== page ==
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Samothraki in Winter
by Maria Verkivaki

Samothrace, Greece
(courtesy of

A friend of mine told me about the three weeks she had once spent in a tiny island in the north Aegean called Samothraki. She had spent her time camping and hiking there with friends in the summer about 20 years ago. My next 'meeting' with Samothraki was when I met a Samothracian who was visiting Crete: 'Samothraki is so much like Chania', he said, something that surprised me since Samothraki is just 17 km in length, while Crete - which Chania is only a small part of - is 260 km in length. 

Before my son finished his military service in Alexandroupoli, I vowed to myself that I would visit the island of Samothraki. If I didn’t visit it now, when I have a reason to be so far up north, maybe I would not visit it at all. Samothraki isn’t hard to get to – but you don’t often get there. You need to go to Alexandroupoli to catch the ferry to the island – but you probably won’t go to Alexandroupoli that often. (Maybe this will all change once the USA’s presence will be more consolidated in Alexandroupoli. The port of Alexandroupoli was lined with USA tanks and jeeps, kept hidden from view on the mainland. You could only see them from the ferry as it sailed away. Recently, the USS Arlington was at the port. The locals were bemused ($$$). But this story is truly a different one for a different time.)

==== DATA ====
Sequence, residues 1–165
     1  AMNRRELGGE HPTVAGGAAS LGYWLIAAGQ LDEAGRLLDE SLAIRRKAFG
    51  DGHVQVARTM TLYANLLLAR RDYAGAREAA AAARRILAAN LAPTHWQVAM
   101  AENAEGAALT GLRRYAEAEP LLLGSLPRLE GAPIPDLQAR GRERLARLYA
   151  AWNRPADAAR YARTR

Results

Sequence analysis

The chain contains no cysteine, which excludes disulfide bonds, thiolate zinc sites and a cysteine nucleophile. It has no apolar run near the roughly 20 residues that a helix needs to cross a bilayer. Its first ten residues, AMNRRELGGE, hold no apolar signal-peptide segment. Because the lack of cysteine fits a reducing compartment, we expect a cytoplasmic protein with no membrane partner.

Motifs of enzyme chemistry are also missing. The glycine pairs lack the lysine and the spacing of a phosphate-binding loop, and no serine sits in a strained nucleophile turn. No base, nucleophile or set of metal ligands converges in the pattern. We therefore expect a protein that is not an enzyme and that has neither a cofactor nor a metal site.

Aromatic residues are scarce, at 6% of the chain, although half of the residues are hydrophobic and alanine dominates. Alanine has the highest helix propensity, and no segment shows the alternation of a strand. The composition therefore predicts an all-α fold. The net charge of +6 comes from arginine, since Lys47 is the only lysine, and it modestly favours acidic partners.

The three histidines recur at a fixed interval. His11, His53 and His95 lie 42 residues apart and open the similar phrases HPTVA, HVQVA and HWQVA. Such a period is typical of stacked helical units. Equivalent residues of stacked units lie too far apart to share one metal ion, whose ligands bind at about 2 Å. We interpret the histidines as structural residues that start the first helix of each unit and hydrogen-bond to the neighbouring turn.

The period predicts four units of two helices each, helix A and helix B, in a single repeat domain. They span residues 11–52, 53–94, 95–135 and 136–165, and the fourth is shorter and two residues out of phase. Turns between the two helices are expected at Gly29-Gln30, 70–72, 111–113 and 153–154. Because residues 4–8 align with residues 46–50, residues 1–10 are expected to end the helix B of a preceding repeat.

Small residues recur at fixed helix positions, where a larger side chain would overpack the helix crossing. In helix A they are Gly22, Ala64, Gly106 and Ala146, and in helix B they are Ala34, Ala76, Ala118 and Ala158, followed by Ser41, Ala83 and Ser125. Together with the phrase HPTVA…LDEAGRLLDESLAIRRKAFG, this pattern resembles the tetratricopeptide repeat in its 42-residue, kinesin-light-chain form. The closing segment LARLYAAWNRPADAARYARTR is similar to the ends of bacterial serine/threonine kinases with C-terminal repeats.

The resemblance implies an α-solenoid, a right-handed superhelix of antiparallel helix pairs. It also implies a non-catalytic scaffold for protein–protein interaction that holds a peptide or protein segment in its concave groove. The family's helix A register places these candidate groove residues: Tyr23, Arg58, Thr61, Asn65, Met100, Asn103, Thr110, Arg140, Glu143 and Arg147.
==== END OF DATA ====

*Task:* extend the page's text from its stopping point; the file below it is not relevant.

My visit to Samothraki took place during a three-day weekend in late March, when the weather was still quite cool. Viewed from Alexandroupoli, Samothraki looked like a lifeless iceberg rising out of the sea, gleaming below the winter sun. There was still a lot of snow on Fengari, the highest peak of Mt Saos, which rises to over 1600 metres. ('saos' is the ancient Greek word for the moon, which modern Greeks call ‘fengari’). For an island just 17 km in length, Mt Saos takes up a lot of space. The settled parts of the island are found on the south side. (South is always more lively, wherever you go, it seems.) Kamariotissa - Samothraki's port, and the most populated region - looked as busy as any other Greek port when the ferry comes in. We had come for a two-day stay with our rental car (hint: rent on the island, and you won’t pay ferry costs). Drive north or drive south? We chose south and hoped we had made the right choice as we hadnt booked a room at that stage. 

Hora, Samothraki

The main town in Samothraki goes by the same name as the island. You can see the whole town's outline as you drive past it, well hidden from the coast, built amphitheatrically, next to a castle, as was the fashion in older times, to stay vigilant against pirate raids. It was almost midday, but a cafe - the only one that looked open - was just opening. A couple of people were sitting outside in the very crisp air having an animated conversation. One was probably the owner. It was the first three-day weekend without covid restrictions and the media was hyping about the Greek islands being full of Greek holidaymakers, just before the foreign travelers were beginning to arrive. With the glorious weather for the season, the islands were probably full, but not this one. It seemed eerily quiet in this tiny town with its tiny homes piled one on top of the other amidst its narrow streets. Travelling to tiny places makes you see how much space you really need; you don’t need much.  

After a short hike up the castle to marvel at the views of the deep blue sea below the bright blue sky - what a glorious sunny day for spring! - we continued on to the next village, Alonia. Leaving the town behind us, we passed what looked like a waterfall, which we realised was just one of very many on the island. The snow was now melting fast in mid-spring, and the rivers were roaring. The scenery now changed to rather rugged and neglected countryside.  We passed what looked a training ground with military installations. A pickup truck drove by … and it stopped behind our car.